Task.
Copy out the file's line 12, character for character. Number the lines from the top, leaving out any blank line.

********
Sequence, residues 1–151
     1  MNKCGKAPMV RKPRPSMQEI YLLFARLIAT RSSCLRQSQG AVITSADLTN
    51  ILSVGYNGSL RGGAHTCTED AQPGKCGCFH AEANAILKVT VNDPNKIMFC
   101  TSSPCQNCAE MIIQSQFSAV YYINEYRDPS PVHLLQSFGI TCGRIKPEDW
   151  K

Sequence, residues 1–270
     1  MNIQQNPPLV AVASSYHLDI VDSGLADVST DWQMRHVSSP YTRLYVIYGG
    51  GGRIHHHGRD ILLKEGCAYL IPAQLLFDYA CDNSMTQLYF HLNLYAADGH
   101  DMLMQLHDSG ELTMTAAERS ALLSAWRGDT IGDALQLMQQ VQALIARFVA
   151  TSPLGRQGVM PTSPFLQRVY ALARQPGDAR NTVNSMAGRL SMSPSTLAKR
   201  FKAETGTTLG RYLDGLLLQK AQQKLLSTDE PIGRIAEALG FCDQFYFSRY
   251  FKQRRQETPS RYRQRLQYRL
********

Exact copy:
   251  FKQRRQETPS RYRQRLQYRL